It may look like a toy truck when at the bottom of the mine, but the wheel is twice the height of its driver and the truck itself is the size of a two bedroom semi.
By Briony Hale
BBC News Online in Botswana
These monster trucks have transformed the work of diamond miners - and the profits of mining firms - beyond all recognition.
In just one journey, the monster can transport as much ore as a one kilometre line of normal pick-up trucks.
"The trucks keep on evolving, and are still getting bigger and bigger," says Junior Keyser, the pit operations manager at De Beers' Venetia mine in South Africa.
The tricky part, he explains, is reversing: there are blind spots all around.
The easy part is that a computer in the cab tells the driver what to do via picture messages sent to a mobile data terminal.
Twenty-seven-year-old Jabulile Vandepitte shocked her whole family and her husband with her choice of career, not to mention the size of her truck.
But she enjoys driving between the pit and the crusher at Orapa, the world's largest diamond mine in Botswana.
Jabulile climbs aboard her truck (with the help of a ladder)
"You know when you get into the truck that there will be no stress," she says.
"You just sit there for eight hours and then you knock off. It's comfortable and air-conditioned."
It takes about three months to train up a driver, but five years before they operate at maximum speed and skill.
Her time in the control room - which ultimately decides where the trucks will go - proved to be a much more fraught experience however, and she much prefers to be out in the cab.
Safety, and the need to avoid collisions, is imperative.
Some miners are fitted with chips in their shoes that sound an alarm to warn the driver and the control room of their proximity.
And soon the trucks will also be linked to a new alarm system that sends off a warning if two vehicles get too close to each other.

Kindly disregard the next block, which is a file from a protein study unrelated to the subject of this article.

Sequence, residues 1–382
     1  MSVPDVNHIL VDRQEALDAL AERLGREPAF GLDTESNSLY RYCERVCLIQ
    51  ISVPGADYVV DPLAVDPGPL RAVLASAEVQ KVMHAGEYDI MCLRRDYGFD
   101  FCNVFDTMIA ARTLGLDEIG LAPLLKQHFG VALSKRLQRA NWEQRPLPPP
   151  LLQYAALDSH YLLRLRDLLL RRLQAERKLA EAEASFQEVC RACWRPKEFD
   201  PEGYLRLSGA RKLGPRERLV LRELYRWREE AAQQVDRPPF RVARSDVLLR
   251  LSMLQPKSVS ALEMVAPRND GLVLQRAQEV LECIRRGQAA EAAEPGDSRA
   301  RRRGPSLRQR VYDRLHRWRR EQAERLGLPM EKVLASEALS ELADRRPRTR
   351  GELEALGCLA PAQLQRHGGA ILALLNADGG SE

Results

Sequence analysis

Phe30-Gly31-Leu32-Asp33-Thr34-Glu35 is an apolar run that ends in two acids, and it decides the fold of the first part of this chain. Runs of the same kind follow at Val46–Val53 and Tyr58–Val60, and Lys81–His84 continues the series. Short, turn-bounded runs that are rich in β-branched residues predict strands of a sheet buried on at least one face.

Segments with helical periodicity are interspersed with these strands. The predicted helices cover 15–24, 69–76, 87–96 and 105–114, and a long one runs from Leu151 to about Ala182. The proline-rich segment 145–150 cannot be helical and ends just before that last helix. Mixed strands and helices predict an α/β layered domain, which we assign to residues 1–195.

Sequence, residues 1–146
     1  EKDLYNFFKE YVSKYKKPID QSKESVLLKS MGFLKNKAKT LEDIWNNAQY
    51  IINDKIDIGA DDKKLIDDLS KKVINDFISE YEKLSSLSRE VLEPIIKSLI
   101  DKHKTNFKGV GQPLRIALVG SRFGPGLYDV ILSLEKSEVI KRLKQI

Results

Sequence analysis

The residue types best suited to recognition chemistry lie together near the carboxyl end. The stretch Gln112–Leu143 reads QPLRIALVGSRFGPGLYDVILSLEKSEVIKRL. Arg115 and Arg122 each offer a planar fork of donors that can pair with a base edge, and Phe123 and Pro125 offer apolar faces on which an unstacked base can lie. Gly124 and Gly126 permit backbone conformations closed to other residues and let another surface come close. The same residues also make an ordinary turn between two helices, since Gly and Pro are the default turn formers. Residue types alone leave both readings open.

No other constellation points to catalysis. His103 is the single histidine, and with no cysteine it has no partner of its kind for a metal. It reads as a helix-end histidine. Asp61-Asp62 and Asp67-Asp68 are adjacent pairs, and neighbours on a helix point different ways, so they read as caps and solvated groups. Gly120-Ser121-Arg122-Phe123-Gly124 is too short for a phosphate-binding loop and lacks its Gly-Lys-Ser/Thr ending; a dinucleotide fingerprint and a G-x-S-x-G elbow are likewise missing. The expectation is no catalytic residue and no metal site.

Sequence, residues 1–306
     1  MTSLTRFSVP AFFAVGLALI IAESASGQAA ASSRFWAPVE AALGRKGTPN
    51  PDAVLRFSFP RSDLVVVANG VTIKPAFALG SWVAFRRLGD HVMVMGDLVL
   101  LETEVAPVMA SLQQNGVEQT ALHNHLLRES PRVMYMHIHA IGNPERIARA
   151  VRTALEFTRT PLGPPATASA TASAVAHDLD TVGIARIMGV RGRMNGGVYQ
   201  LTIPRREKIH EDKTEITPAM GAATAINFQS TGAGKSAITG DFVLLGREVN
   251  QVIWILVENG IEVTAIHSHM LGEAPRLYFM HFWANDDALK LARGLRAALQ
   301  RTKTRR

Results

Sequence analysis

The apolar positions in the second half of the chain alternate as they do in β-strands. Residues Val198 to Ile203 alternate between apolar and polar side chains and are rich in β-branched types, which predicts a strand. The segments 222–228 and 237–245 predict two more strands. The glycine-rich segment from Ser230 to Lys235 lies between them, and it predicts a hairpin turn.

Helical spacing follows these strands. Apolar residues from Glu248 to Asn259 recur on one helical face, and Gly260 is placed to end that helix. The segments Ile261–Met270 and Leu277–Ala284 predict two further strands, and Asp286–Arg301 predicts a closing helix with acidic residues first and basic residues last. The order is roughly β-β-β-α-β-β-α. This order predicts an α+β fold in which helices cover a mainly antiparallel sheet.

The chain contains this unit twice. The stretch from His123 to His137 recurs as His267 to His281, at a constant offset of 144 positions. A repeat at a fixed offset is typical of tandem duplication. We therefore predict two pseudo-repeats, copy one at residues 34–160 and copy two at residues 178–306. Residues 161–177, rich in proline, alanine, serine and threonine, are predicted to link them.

Safety aside, the priority is efficiency, measured by how many tonnes of ore can be transferred from the pit to the crusher in the space of an hour.
Diamonds: the meaning of life for monster trucks
The monster trucks can travel as fast as 70km an hour on the level, but only up to 15km when coming up the steep slopes out of the pit.
New mechanical electrical systems are being developed to replace diesel engines and get the trucks moving faster up hills.
The speed at which the truck can collect its load is also critical.
The position of the monster trucks themselves can be tracked to under a metre. But the real precision work comes when loading the ore.
The shovels and bulldozers are tracked to within a centimetre, using seven different satellites, so that they can find the most level surface, says Mr Keyser of De Beers.
The flatter the surface, the greater the stability and the faster they are able to fill up, he says.
Orapa owns 45 monster trucks, each one carrying two full loads of 190 tonnes of ore to the crusher each hour.
Last year the mine yielded 14.3 million carats and Botswana sold $2bn worth of diamonds.
At 15 million rand a piece (£1.4m) monster trucks do not come cheap. But there is no doubt that they are earning their keep.